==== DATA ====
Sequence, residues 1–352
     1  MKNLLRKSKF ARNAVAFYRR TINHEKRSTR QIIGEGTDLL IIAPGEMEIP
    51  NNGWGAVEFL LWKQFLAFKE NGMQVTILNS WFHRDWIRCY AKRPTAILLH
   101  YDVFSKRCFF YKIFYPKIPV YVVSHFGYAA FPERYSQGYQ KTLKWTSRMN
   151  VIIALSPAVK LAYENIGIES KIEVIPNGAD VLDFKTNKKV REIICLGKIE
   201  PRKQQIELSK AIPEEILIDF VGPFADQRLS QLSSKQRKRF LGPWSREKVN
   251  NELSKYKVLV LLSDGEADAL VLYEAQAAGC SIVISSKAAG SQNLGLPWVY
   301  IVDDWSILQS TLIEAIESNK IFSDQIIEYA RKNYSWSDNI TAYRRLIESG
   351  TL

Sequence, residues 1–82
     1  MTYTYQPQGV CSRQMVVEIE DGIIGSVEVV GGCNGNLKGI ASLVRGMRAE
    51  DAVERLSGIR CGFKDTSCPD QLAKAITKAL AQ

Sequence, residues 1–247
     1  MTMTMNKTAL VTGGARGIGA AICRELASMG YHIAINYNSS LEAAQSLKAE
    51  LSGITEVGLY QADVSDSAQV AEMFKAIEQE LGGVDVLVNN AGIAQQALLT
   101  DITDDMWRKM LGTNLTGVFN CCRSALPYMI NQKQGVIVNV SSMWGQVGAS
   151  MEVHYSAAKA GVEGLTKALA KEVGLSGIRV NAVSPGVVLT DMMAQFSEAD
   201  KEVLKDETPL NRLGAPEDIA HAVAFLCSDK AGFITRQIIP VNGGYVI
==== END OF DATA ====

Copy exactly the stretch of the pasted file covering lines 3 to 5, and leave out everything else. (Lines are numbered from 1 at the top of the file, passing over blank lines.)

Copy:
    51  NNGWGAVEFL LWKQFLAFKE NGMQVTILNS WFHRDWIRCY AKRPTAILLH
   101  YDVFSKRCFF YKIFYPKIPV YVVSHFGYAA FPERYSQGYQ KTLKWTSRMN
   151  VIIALSPAVK LAYENIGIES KIEVIPNGAD VLDFKTNKKV REIICLGKIE